In a special election that offered voters a choice between younger candidates that promised new approaches and seasoned political veterans that offered experiences and past accomplishments, the voters of Tennessee House District 86 opted for the former by choosing Justin J. Pearson by a significant margin.
Pearson, 28, gained traction as a community leader when he co-founded grassroots organization Memphis Community Against the Pipeline in response to a planned crude oil pipeline that would cut through backyards in South Memphis, particularly in the Boxtown neighborhood.
The work of MCAP and Pearson was largely credited as the entity that stopped the intended pipeline plans from Plains All American.
With 19 of 19 precincts reporting, Pearson received 1,235 votes in complete but unofficial totals; attorney Julian T. Bolton received the next-highest amount of votes, 289.
The special election was triggered following the death of educator and state Sen. Barbara Cooper, who passed away in late October. She was the oldest member of the Tennessee General Assembly and among the oldest Democrats serving in office nationwide.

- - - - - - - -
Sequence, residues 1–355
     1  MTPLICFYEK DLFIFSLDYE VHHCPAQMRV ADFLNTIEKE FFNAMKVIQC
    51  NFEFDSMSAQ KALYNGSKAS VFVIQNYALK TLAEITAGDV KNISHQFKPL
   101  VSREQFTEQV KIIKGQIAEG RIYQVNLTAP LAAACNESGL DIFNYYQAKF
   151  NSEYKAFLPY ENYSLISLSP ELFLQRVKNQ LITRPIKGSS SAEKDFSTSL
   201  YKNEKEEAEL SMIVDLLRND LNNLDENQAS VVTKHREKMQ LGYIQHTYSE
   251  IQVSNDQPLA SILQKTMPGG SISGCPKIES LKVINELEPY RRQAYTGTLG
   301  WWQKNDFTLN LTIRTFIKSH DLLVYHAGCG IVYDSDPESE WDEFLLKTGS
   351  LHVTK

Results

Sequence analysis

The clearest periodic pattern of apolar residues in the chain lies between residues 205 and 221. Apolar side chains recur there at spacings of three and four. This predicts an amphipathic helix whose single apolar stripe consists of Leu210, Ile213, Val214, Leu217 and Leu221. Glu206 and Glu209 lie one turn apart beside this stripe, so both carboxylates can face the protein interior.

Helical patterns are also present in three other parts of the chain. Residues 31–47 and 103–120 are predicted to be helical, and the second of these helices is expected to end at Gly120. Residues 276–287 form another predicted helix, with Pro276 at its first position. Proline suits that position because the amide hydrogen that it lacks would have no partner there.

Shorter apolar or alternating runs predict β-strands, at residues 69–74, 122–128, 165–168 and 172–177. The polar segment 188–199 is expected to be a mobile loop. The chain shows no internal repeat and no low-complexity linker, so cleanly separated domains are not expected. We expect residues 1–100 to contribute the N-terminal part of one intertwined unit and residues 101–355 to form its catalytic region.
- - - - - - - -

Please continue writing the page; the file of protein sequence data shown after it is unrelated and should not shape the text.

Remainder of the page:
She was first elected in 1996 after a career as a teacher. Cooper’s daughter, Tanya Cooper, was among those running for the seat.
The seat stretches north and south along the Mississippi River, going from Southwest Memphis through Downtown to Millington.
Shelby County Commission Chairman Mickell Lowery said the commission plans appoint the person already chosen by the public in the Jan. 24 primary for the seat, allowing that person to start work in the legislature sooner.
The commission plans to make the appointment on Feb. 1.
Here’s a list of the Democratic candidates on the ballot in the order in which they appeared:
- Rod Blount
- Julian T. Bolton
- Tanya L. Cooper
- Juliette Eskridge
- Dominique Frost
- Clifford Lewis
- Justin J. Pearson
- Will Richardson
- Rebecca Robinson
- Andrew “Rome” Withers
There was no Republican candidate on the ballot, making the Democratic primary the de facto election.